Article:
Oops, yep, 8 eggs. They say "unlimited" tilapia but I imagine the limit there is how much of it they're willing to eat!

The aquaculture idea is that wastes from the fish, and in this case the chickens, puts lots of plant nutrients in the water. Maybe not as much as pig waste water, I don't know.

200W doesn't sound like that much power...solar panels on the roof, where you can't grow crops anyway, and/or wind turbines could provide that. Those are local resources you can't otherwise use to produce food, sort of like exploiting another ecological niche.

Potatoes are certainly convenient and productive, though I wouldn't want to subsist on them alone. Some people are growing them in tall boxes for easy extraction, and I was startled to see how much they claimed to produce.

Re: 6000 lbs/year, that must be why they sell their stuff instead of eating it.

This has been very interesting.

Which leads me to ask - what do the chickens eat?

I see that gardenpool gives a timeline on the side. They didn't stock the pool with tilapia until May 2010. Their page at http://gardenpool.org/?page_id=242 says "A tilapia matures from egg to harvest size (1.5 lbs) in only 6-9 months."

It hasn't been long enough for the new spawn to reach edible size. How can they say "unlimited" when they don't have the experience to know if it's stable? I suspect they are being overly optimistic.

Regarding 200W - I don't know what their swamp cooler needs, and they say they installed solar power. I picked 200W because that looks like a common size for portable home devices.

Looking now, I think solar cells are about 20 sq ft for 200 W. Since they need to work during the night as well (though not as much), call it 40 sq. ft of otherwise unused space. I was thinking that that would go into the area calculation, but as that's about 0.1% of an acre, it's not a big contribution.

And yes, I've found it interesting as well.

In part they eat bugs but I wouldn't think that would be sufficient in such a contained area. It's not like they're set up in a swamp.

Polyface Farms seems to feed their egg layers entirely on bugs, cattle droppings, and maybe a bit of greenery:

"The Eggmobile is a 12 ft. X 20 ft. portable henhouse and the laying hens free range from it, eating bugs and scratching through cattle droppings to sanitize the pasture just like birds in nature that always follow herbivores as biological cleansers." http://www.polyfacefarms.com/products.aspx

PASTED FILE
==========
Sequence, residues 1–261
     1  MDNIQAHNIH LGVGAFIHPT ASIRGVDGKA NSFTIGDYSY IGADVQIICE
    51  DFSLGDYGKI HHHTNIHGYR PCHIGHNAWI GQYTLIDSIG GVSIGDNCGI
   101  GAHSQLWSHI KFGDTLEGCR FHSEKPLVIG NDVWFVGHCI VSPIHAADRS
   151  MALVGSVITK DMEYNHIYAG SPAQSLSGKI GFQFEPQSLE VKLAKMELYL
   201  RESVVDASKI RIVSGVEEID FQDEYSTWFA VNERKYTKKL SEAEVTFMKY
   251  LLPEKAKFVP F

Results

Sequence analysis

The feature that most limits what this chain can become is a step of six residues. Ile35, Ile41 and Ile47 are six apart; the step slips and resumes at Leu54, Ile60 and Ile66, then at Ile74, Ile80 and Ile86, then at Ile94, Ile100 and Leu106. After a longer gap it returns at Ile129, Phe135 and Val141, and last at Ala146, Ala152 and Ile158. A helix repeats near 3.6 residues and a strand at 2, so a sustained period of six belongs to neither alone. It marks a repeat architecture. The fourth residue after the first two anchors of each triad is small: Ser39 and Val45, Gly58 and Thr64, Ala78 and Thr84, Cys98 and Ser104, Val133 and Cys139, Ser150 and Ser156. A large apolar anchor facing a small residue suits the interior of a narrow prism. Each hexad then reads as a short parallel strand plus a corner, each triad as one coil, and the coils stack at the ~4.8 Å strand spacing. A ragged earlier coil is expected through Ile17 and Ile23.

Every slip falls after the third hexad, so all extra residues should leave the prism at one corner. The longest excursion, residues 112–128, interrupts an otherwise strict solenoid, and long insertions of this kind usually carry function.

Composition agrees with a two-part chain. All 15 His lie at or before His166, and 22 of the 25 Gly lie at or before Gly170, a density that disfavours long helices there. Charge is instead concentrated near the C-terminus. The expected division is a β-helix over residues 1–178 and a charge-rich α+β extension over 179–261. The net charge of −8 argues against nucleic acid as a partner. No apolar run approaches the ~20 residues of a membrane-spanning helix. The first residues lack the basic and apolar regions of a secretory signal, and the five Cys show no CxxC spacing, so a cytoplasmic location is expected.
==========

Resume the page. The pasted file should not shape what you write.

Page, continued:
Of course that's a much larger operation. They keep moving, so cleaned areas can recover. They've got forested areas nearby which play a part in the ecosystem. They claim higher overall productivity than conventional farms producing the same stuff, but nothing extreme.

The peril of aquaculture is sometimes everything suddenly goes haywire and dies. Eventually the kinks get worked out and it's pretty stable, but the pool people may well have surprises in store.

I do love the idea of a little self-contained ecosystem, almost like a space colony. I hope people do a lot more experiments along these lines.

One idea from Marshall Savage's Millennial Project is edible algae, like spirulina. According to him it's absurdly productive in a small space, and the numbers from the "algae for fuel" people seem to bear that out. A turnkey system for producing it safely would be pretty neat, but I haven't been able to find much information. Everybody's talking biofuel. I wouldn't exactly want to subsist on algae but it could be great as a supplement in flour or stews, as fish feed, etc. How healthy it would be to eat large quantities seems to be a little uncertain, but supposedly it has a long history as a food.

If power isn't a concern (which it would be for the original topic of this thread) then the space programs have done research into small self-contained ecosystems, as you mentioned. I haven't looked them up before, but I see now that BIOS 3 (early 1970s Russia) had a 3-man crew for 180 days, with only some import of external food and air. It did need 400 kW of power, which if my 10W/sq.ft solar power is right means about 1 acre of solar panels. More if there's darkness.

Some other links: http://en.wikipedia.org/wiki/Controlled_Ecological_Life_Supp... and http://settlement.arc.nasa.gov/designer/regen.html . The latter says "The present crop growth chamber ... is about 12 m^2. The energy requirement of the system is about 15 kw of which 13 kw ... The present system provides complete nutritional needs of 1 person (a vegeterian)."

That power, at retail levels of about $0.10/kW hr, costs $36 per day. $18 if you can be diurnal. Sunlight puts out about 1kw/sq.m so that power is mostly going into replacing sunlight.

Which means, if that link is correct, that 12 sq.m is enough for a single person. But I'm at the end of my stamina for researching this topic.


I'll cap off my contribution with this guy who's eating nothing for the next two months but potatoes. Twenty every day. He's the Executive Director of the Washington State Potato Commission. http://20potatoesaday.com/

It's been fun!

"Going vertical doesn't increase the amount of light you can gather"

I am not sure that is true everywhere on the planet. If you get closer to the poles, the sun will, on average, stand lower above the horizon. That is why, in winter in Moscow, people sun while standing up.

Also, in summers close to the equator, getting less light per square meter may be a good thing, depending on what you are trying to produce.

I don't buy his argument that the cost of artificial lighting alone would be ~100x the current market value of the produce, especially when you use the solar collector analogy for farmland. Some quick googleing puts wheat in the 1% efficient range or less when converting light into carbohyrates. I have no idea where to find the exact number but it's not efficient at all. In a controlled environment the remaining 99% of the energy could be recycled. On top of that his calculation was based on the average sunlight for a day in England but that's probably more than wheat needs to grow optimally. I would love to see a more realistic calculation of this number.